Thanks for mentioning that Audra, I hope it helps some people stretch their tool budget (and maybe even help with dealmonger posts)

  8. fred says:


    We have about 60 batteries in various stages of cycle (on the shelf, in the charger, in a tool and in use) – but I’ve never heard about “a new smart Battery Diagnostic System (sold separately)” from my supplier – and a quick look at Makita’s web site failed to turn this up. After several years of use – we have not had a battery fail yet from normal usage. Of course we’ve had some evaporate in the sunlight _ and maybe even the moonlight – along with the tools to which they were attached. Nonetheless, I’d be interested to hear more about the diagnostic tool – and plan to try to check it out. Thanks for this insight.

  9. Jim says:


    Introduce yourself to Brad Wheeler at Makita in CA. I believe he is the cordless tool Product Manager. I have crossed his path at IWF and communicated with him a couple times via email. He has always been very helpful.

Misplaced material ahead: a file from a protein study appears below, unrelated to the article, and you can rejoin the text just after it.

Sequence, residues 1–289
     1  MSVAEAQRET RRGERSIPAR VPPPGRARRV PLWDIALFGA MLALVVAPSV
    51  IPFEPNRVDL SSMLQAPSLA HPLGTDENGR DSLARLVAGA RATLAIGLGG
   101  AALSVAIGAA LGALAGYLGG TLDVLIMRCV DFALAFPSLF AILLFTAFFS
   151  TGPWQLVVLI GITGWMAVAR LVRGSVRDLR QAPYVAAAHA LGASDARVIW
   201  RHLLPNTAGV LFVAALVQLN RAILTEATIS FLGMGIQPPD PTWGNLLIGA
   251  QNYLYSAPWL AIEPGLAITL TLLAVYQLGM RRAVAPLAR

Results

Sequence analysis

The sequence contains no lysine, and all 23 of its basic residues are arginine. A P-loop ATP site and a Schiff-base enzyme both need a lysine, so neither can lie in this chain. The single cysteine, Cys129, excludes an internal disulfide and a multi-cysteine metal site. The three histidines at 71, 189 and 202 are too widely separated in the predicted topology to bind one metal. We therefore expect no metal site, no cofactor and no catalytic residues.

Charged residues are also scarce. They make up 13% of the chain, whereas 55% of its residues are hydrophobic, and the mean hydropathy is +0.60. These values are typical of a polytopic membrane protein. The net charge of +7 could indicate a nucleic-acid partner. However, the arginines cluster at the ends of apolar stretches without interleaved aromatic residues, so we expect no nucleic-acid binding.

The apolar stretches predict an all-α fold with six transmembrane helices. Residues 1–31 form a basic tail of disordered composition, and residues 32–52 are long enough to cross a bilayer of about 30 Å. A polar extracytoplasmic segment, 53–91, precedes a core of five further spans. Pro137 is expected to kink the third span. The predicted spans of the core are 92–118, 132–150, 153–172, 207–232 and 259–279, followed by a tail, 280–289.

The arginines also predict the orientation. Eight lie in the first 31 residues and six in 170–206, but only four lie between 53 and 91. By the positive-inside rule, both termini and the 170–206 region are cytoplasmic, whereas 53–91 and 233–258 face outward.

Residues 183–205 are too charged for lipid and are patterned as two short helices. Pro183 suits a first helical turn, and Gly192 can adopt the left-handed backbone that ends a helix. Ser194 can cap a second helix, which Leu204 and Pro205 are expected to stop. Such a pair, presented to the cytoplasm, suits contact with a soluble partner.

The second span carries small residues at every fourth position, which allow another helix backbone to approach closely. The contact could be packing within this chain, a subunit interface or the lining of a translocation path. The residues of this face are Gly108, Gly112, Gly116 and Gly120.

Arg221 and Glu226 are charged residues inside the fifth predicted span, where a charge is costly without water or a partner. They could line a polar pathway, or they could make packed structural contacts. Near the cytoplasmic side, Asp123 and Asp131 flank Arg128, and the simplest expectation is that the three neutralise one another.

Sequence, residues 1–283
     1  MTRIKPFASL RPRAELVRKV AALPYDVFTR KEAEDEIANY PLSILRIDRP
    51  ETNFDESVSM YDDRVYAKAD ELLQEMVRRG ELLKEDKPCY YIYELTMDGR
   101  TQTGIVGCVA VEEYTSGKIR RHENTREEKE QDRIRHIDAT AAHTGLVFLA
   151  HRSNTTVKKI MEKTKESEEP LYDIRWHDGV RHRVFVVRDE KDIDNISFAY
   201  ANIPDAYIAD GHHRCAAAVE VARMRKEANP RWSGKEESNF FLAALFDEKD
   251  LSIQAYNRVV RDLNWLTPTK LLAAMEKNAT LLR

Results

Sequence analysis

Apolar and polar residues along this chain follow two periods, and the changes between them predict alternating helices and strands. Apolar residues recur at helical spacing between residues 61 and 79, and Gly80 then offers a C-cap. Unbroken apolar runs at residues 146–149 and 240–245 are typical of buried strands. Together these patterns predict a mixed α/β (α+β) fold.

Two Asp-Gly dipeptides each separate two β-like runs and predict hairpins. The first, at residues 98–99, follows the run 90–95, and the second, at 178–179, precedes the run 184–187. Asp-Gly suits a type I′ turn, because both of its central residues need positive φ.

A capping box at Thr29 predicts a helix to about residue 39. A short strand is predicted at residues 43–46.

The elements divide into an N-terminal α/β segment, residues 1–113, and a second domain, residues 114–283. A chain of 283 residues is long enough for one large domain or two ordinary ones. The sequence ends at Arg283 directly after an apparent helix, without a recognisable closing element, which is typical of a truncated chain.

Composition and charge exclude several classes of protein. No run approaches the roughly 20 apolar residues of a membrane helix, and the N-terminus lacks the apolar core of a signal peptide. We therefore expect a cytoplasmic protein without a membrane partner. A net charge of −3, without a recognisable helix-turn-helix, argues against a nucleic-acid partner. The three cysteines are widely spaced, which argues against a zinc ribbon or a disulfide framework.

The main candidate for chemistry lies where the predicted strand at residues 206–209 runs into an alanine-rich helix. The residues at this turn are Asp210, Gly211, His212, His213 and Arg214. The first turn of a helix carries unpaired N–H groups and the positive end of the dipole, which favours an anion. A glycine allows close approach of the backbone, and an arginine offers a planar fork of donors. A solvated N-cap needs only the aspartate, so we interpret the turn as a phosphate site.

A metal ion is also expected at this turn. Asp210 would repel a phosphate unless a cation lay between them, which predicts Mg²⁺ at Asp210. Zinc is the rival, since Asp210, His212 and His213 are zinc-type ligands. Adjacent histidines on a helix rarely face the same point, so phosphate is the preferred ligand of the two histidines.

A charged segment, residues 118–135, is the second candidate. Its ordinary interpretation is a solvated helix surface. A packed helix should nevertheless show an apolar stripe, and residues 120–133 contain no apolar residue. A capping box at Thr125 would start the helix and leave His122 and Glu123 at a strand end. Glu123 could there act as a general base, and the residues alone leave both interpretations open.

10. fred says:


    Thanks for the lead

  11. Rick says:

    I have had this battery from a tool kit die in one year. The replacement also died in one year. Give me back my nicad.

  12. Chris says:

    I’m on my first set, first year, of three L-ion’s, and still run the NiCads too(since the 90’s). I’ve paid close attention to not letting the Lions stay out in the cold, or letting the Nicads overheat.
    I’m not seeing a huge difference in run time between the two. Coming to the end of year one on the lions, they already appear to be dying. Given there average higher cost, and having to always bring them inside from cold weather(which can kill them instantly), I’m going to have to agree with Rick.
    Lithium ion technology appears to be a fraud.
    Give me back my Nicads…